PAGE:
Two Recent Second Department Cases Remind Us That Business Entities Should Keep Up-To-Date Mailing Addresses On File With The Secretary Of StatePrint Article
- Posted on: Sep 14 2018
If a domestic or authorized foreign corporation is named as a defendant in a lawsuit pending in New York, section 306 of New York’s Business Corporation Law permits service of process on that corporation through the New York secretary of state. Pursuant to BCL § 306, “[s]ervice of process on search corporation shall be complete when the secretary of state is so served.” (See BCL § 306.) Once served, the “secretary of state shall promptly send one of such copies by certified mail, return receipt requested, to such corporation, at the post office address, on file in the department of state, specified for that purpose.” (See BCL § 306.) The same procedure is available for service upon a limited liability company. (See § 303 of New York’s Limited Liability Company Law) Due to the relative ease of service of process, business entities are frequently served pursuant to BCL § 306 and LLC § 303. Accordingly, it is important that business entities maintain up-to-date addresses with the secretary of state so that they will be promptly notified when they are served with process. Frequently, however, corporations are not diligent in this regard and, therefore, default in responding to legal process.
Under such circumstances, the defaulting business entity may be afforded some relief under CPLR § 317, which provides:
A person served with a summons other than by personal delivery to him … within or without the state, who does not appear may be allowed to defend the action within one year after he obtains knowledge of entry of the judgment, but in no event more than five years after such entry, upon a finding of the court that he did not personally receive notice of the summons in time to defend and has a meritorious defense. If the defense is successful, the court may direct and enforce restitution in the same manner and subject to the same conditions as where a judgment is reversed or modified on appeal….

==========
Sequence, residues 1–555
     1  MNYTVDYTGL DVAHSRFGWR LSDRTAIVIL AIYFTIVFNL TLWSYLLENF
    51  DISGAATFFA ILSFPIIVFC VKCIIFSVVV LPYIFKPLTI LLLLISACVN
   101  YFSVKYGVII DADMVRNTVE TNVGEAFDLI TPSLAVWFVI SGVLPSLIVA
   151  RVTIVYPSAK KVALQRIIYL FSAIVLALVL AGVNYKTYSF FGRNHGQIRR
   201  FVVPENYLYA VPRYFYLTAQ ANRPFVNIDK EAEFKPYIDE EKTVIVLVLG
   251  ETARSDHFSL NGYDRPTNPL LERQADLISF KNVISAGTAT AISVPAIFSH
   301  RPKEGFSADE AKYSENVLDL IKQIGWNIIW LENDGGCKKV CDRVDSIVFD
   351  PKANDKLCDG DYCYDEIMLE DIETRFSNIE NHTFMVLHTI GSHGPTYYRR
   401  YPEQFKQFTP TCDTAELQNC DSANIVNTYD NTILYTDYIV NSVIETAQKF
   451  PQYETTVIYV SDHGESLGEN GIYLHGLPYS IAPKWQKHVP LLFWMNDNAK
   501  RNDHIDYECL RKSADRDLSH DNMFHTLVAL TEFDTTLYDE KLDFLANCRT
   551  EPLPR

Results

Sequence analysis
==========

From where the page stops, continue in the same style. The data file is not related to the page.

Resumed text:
Similarly, relief may also be available under CPLR 5015(a), which provides that, on motion:
[t]he court which rendered a judgment or order may relieve a party from it upon such terms as may be just, on motion of any interested person with such notice as the court may direct, upon the ground of:
1. excusable default, if such motion is made within one year after service of a copy of the judgment or order with written notice of its entry upon the moving party, or, if the moving party has entered the judgment or order, within one year after such entry….
The New York Court of Appeals, in Eugene DiLorenzo, Inc. v. A. C. Dutton Lumber Corp., 67 N.Y.2d 138 (1986), addressed CPLR §§ 317 and 5015. There, defendant was served with process through the New York Secretary of State. The process mailed to the defendant was returned to the Secretary of State with the notation “moved, not forwardable,” because defendant did not update its address after relocating. As is typically the case, defendant moved to vacate a default judgment after a restraining notice was served on defendant’s bank. In its motion papers, defendant argued: that plaintiff knew defendant’s new address and made no effort to serve defendant personally; and, offered a defense to plaintiff’s claim. On the other hand, plaintiff argued that defendant “deliberately failed to update its address with the Department of State in an attempt to defraud creditors, and that its default was therefore willful.”
The Eugene Di Lorenzo Court also noted that defendant’s order to show cause failed to indicate the statutory provision upon which it relied in seeking to vacate the default judgment, but that the attorney’s supporting affidavit “set forth entitlement to relief under CPLR 5015(a).” A defendant seeking relief under CPLR 5015, the Eugene Di Lorenzo Court stated, “must demonstrate a reasonable excuse for its delay in appearing and answering the complaint and a meritorious defense to the action.” The Court then discussed that “[a] second provision for obtaining relief from a default judgment is found in CPLR 317” and that “there is no necessity for a defendant moving pursuant to CPLR 317 to show a ‘reasonable excuse’ for its delay.” Although the Eugene Di Lorenzo defendant failed to move under CPLR 317, the Court of Appeals held that “a court has the discretion to treat a CPLR 5015(a) motion as having been made as well pursuant to CPLR 317,” and determined that “the decision by Special Term to consider CPLR 317 was not an abuse of discretion, and reversal by the Appellate Division ‘on the law’ was improper.”